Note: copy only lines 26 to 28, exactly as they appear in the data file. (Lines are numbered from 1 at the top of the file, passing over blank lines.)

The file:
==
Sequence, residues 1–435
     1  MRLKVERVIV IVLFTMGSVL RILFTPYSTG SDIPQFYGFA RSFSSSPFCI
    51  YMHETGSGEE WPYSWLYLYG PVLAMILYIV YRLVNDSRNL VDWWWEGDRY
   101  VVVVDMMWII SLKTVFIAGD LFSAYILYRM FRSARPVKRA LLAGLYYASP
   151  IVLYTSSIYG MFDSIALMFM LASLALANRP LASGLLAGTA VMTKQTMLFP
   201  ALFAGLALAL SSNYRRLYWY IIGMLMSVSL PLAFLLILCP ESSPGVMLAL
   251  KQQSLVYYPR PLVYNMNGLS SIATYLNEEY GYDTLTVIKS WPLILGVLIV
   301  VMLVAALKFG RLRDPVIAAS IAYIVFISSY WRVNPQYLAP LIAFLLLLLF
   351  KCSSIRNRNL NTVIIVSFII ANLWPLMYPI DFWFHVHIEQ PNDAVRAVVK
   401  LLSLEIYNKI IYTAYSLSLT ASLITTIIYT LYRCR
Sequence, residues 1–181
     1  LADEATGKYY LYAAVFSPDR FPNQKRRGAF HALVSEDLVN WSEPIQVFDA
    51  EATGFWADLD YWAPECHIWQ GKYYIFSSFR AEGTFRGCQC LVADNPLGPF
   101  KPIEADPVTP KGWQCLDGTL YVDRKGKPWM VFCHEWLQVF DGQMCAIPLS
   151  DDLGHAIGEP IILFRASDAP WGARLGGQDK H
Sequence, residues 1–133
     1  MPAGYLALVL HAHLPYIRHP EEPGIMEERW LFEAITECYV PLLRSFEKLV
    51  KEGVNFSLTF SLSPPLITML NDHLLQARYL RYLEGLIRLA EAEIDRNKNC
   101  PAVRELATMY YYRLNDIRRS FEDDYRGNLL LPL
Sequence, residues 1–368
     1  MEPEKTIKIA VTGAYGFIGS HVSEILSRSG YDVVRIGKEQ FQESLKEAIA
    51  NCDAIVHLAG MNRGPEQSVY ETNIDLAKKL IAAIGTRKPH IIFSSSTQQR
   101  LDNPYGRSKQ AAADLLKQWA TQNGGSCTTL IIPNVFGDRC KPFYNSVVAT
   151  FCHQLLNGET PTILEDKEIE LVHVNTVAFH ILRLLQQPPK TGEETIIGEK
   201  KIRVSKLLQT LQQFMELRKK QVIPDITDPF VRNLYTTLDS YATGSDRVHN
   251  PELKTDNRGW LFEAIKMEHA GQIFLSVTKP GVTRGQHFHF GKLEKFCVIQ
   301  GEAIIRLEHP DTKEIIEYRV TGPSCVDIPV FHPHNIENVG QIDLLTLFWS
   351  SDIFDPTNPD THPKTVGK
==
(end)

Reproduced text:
   251  PELKTDNRGW LFEAIKMEHA GQIFLSVTKP GVTRGQHFHF GKLEKFCVIQ
   301  GEAIIRLEHP DTKEIIEYRV TGPSCVDIPV FHPHNIENVG QIDLLTLFWS
   351  SDIFDPTNPD THPKTVGK